Saturday, November 12, 2016

A volunteering experience in Nepal which changed my life

On April 25th, Nepal, a peaceful nation on the north western border of India, was hit by a massive 7.8 magnitude earthquake killing over 8700 people and injuring 22000 others.

Well I quit my job (worked for 55 days at a god awful company) in that week and joined my friend Somesh to volunteer in Nepal with an organization called All Hands Volunteers. Little did I know that in a short period of 3 weeks, my entire life would be changed.

I bought a cool new backpack (well atleast I thought so :p ) after hours of comparing prices at Flipkart, Snapdeal and Amazon. We were told that a bed might be difficult to find so we should be well prepared to set up a tent. I got a tent, mosquito repellents, medicines, creams, extra medicines, emergency medicines and a whole lot of other unnecessary stuff. Stuffed all of that in my 70 litre backpack and got on a flight to Nepal on the 15th June, 2015 with Somesh (my friend from paragraph 2 :p).

AHV had a hostel where nearly 50 people stayed in a district called Thamel in Kathmandu. We stayed at the Famous House Kathmandu Youth Hostel. There were people from literally all over the world who had come to volunteer. The energy of the place was vividly outstanding. The hostel was a community in the truest sense. We worked together from 7-5, ate together, lived together, danced and sang together. Often times got drunk together. The atmosphere and the positive culture slowly started to affect me for the positive. Within a few days I had managed to make a dozen new friends from Spain, Portugal, Australia, New Zealand, Germany, Hong Kong, France, America, Nepal and a few more countries. It was insane. I had never met people who cared so deeply, had zero negativity and no judgment whatsoever. It was refreshingly new.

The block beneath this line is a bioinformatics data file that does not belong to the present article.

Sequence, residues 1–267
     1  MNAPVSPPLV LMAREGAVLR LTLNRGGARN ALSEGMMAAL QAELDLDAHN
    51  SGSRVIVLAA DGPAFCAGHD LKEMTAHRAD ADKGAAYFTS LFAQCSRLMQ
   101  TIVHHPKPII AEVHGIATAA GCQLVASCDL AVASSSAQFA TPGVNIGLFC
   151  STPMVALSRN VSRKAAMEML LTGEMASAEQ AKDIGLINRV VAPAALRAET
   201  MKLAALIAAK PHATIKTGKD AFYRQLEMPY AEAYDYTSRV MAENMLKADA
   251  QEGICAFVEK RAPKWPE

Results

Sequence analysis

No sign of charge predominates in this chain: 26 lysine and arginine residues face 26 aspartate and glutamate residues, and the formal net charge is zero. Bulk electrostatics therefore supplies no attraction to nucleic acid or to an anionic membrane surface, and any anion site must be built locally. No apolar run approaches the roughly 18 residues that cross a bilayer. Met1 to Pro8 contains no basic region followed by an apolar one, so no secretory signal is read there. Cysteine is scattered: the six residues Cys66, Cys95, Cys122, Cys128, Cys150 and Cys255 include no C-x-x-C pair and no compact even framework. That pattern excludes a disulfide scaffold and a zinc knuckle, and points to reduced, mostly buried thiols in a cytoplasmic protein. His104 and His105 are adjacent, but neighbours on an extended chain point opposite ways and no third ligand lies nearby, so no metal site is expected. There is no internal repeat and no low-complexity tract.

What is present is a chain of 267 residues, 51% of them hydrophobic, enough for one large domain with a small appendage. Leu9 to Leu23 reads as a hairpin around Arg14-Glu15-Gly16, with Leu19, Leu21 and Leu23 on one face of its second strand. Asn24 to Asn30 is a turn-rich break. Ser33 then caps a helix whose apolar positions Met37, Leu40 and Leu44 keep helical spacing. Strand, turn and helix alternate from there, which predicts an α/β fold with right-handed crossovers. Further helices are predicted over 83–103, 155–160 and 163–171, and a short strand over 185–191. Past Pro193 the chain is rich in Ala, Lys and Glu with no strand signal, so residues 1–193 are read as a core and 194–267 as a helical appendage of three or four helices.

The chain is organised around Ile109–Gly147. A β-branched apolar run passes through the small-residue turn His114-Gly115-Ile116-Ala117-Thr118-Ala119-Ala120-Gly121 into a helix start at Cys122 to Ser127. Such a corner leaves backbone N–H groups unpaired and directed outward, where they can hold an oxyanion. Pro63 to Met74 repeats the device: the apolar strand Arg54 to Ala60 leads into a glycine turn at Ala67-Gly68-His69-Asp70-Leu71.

In those three weeks, we build schools for children which had been destroyed due to the earthquake, cleared rubble from the collapsed structures and constructed community centres for mass housing. The damage created was overwhelming and so we worked tirelessly for 6 days in a week to help anyone in need. Starting our work from 7 in the morning from loading our trucks and vehicles with necessary equipment to working through the scorching heat (I got a pretty bad sunburn) till 5 in the evening, it was tough manual labor but the most rewarding. We all felt a strong sense of pride and accomplishment of having helped people and that’s what kept us going every day. The Nepalese all along were extremely cooperative and genuinely respected our efforts and more often than not, worked alongside us during these tough times.

Our organization since then has built over 100 homes, cleared 683 homes of debris, provided 32 permanent classrooms,  29 learning centres providing over 5000 young kids with safe learning environment and above all, the volunteers through their sheer hard work and will managed to bring back hope and belief in the people of Nepal.